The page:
Tag Archives: Cee’s Which Way challenge

500 miles with Granny

Kingston Lacy

This Summer it’s all about finding shade

Last Saturday I took Master R and Little Miss M to Kingston Lacy, where there is a lot of shady woodland to explore

conversations

I just love their enthusiasm for finding leaves and bugs and beetles and the conversations they have about nature interwoven with fantasy, dragons, monsters and fairies.

And they way they burst into exuberance when faced with a long stretch of path to run – “Race you!”

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Joyful days

The promise of ice cream

An iced coffee for Granny

Slow meanderings

And

Dappled light

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Kingston Lacy

Joining in with Cee’s Which Way Challenge

And Little Miss M and I clocked up another 2.5 miles towards our target of 500.

Other posts tracking our progress are  herehere.

and here

We have done 31.5 miles, only 468.5 miles to go! Can we do it!??!

It will be fun finding out!

I use Strava, an app on my iPhone, to record our distances. It is brilliant as we can see the map of our walks at the end of each one. The children have fun tracing our route and working out where we were.

strava

Will you be going on any walks this weekend?

 

 

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Silent Sunday Walking into the Sunset.

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Joining Cee’s Which Way Challenge

13.1 of 500 Miles completed

Today the school my Grandchildren go to had an Inset Day, so my daughter and I braved the icy winds, wrapped the children up and off we went to Arne

walking at Arne

an RSPB Nature Reserve near Wareham, Dorset. Little Miss M (5) and I set Strava on my phone so we could measure how far we walked. We are aiming to walk 500 miles together – you can see the origin of this challenge here.

Now Little Bro (5) is prone to complaining about going on a ‘walk’ at the best of times, and on the car journey there, he was starting to say he wasn’t going to walk as it was too cold, so I asked him if he liked hot chocolate. “Oooooh YES!” he said.

So evil Granny replied, “When we get to the playground you will all be able to have a hot chocolate (I’d packed a flask full), but anyone who makes ANY complaints WHAT-SO-EVER will not be getting any hot chocolate”.

I call this incentive!

As soon as Big Bro and Little Bro met their cousins they were off and running and having a wonderful time following the Nature Trails forgetting they were on ‘a walk’, even before we got to the playground (which was about an hour from the start) Little Bro said, “this is actually quite fun.”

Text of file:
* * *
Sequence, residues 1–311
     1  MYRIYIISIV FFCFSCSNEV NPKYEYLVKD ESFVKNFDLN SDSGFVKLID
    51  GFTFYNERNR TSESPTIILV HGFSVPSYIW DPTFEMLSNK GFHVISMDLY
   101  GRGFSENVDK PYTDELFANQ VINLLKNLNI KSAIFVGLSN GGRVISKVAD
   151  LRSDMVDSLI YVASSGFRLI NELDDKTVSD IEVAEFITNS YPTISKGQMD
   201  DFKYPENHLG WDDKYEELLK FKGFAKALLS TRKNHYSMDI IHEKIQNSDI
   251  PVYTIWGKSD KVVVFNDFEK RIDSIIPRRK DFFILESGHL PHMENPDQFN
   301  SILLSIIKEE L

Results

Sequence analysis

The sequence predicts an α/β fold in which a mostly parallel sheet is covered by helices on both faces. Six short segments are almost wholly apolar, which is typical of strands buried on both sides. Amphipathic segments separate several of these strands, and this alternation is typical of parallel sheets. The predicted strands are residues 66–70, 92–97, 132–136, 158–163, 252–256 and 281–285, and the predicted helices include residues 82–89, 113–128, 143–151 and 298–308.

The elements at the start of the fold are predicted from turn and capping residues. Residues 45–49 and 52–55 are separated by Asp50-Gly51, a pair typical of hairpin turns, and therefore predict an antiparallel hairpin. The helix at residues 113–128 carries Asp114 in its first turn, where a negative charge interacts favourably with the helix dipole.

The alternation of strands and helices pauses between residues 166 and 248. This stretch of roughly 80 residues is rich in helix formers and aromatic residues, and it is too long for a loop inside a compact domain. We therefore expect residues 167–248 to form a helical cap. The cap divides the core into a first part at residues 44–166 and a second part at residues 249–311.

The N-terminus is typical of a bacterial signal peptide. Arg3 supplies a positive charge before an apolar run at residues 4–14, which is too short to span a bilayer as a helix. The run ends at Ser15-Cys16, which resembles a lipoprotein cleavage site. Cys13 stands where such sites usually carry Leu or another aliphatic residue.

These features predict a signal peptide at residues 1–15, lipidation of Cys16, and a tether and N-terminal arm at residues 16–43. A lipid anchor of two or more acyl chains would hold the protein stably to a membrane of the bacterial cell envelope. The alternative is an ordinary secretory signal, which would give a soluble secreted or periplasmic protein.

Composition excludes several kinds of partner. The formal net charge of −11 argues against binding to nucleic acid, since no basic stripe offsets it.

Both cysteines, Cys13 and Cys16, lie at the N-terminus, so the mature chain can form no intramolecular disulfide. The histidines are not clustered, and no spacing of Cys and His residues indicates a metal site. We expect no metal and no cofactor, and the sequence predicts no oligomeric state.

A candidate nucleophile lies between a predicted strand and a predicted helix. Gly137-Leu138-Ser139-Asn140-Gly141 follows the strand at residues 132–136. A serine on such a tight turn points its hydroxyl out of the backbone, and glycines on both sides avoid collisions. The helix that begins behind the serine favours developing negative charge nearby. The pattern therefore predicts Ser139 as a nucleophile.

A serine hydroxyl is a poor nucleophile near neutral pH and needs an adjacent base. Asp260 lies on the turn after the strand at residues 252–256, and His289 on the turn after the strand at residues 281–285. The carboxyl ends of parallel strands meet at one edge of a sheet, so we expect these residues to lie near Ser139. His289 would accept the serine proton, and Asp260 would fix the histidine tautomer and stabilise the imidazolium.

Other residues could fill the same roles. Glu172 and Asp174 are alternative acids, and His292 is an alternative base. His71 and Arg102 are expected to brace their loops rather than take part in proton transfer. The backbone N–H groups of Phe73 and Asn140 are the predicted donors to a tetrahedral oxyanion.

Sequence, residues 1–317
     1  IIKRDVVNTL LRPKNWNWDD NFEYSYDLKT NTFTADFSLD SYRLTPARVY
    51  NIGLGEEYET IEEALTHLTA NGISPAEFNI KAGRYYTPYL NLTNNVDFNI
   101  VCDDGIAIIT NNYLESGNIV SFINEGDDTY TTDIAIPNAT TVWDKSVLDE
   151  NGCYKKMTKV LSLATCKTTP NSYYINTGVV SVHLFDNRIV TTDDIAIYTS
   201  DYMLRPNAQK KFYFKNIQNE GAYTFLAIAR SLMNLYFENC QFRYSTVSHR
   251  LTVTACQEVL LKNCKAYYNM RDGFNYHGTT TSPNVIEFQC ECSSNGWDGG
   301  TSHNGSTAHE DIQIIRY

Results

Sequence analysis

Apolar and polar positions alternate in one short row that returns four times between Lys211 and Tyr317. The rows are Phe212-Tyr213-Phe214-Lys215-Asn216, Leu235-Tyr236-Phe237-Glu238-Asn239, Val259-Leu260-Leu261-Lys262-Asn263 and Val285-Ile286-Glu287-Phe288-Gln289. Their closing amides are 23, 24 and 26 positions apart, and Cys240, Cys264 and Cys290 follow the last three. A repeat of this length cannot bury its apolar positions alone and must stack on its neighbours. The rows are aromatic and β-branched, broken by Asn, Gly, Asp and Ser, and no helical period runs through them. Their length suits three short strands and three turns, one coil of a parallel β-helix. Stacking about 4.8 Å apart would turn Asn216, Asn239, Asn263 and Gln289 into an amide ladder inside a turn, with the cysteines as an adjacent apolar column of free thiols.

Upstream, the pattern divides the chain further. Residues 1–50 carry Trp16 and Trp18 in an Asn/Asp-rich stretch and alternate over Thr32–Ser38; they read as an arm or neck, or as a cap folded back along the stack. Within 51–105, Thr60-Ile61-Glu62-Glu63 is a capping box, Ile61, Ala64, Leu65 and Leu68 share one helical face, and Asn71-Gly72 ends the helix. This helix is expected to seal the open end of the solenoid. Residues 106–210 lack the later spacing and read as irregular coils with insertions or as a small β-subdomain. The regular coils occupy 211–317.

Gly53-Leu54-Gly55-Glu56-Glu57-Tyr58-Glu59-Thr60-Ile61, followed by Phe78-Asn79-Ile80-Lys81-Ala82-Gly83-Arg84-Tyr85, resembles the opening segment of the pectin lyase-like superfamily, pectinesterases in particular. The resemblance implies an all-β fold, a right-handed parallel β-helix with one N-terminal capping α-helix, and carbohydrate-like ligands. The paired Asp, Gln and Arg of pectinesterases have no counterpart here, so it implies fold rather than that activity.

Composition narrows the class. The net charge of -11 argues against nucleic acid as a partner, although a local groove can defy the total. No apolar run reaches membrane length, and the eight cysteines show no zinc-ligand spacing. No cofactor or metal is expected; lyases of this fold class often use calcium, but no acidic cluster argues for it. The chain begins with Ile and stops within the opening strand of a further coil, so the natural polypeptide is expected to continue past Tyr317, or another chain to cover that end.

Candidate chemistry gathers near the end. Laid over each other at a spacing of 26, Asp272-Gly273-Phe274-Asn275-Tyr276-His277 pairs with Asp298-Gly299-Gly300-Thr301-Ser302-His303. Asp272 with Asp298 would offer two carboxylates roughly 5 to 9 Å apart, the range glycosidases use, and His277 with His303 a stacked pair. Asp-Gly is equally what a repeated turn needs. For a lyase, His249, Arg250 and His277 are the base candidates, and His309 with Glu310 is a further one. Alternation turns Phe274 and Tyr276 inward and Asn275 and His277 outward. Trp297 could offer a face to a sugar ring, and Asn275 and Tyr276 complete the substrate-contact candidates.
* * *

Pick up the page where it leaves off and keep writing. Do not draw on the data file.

Arne, Poole Harbour, Natrue Trail

Poole Harbour from Arne

The walk takes you through woods, down to the beach overlooking Poole Harbour and then through woodland again to the woodland playground.

By the time we got to the playground my phone battery was getting low so I didn’t take any more photos but this is a photo from a visit last summer

woodland playground

We all had a hot chocolate and the children clambered about happily playing a Star Wars inspired game for about half an hour – then back to the RSPB centre to get stickers for filling in the Nature Trail questionaire.

Little Miss M and I had clocked up 2.6 miles – making our running total 13.1 miles. Little Miss M and the other children covered at least twice that distance with their running back and forth looking for acorns, berries, flowers and shells on the beach.

 

Joining in with Cee’s Which Way Now Challenge.

And today this fabulous quote and picture seen on Alisa Burke’s blog

quote about woods

Gate

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footpath flows along

hard to tear myself away

from this special place

~

This is my entry for our ‘One-a-Week’ Photo Challenge: GATE

and

Ronovan’s Weekly Haiku Challenge: FLOW and TEAR

and

Cee’s Which Way Challenge

~

The 10 minute walk down the valley from the treehouse that I was staying in, leads to the Pembrokeshire Coastal Path, which you can see making its way towards Solva, going right past that Iron Age Hill Fort. The gate is to keep the grazing ponies in, this side of the gate.

 

More tales from the Treehouse:

To get to the public footpath from the Treehouse one needs to wiggle down through Elizabeth’s garden. The footpath runs from the National Trust car park near the road, straight down to the sea.walk to the sea1

The treehouse can be seen from the path. More agile walkers have obviously chosen a quicker route by sliding down the bank.

Walk to sea 3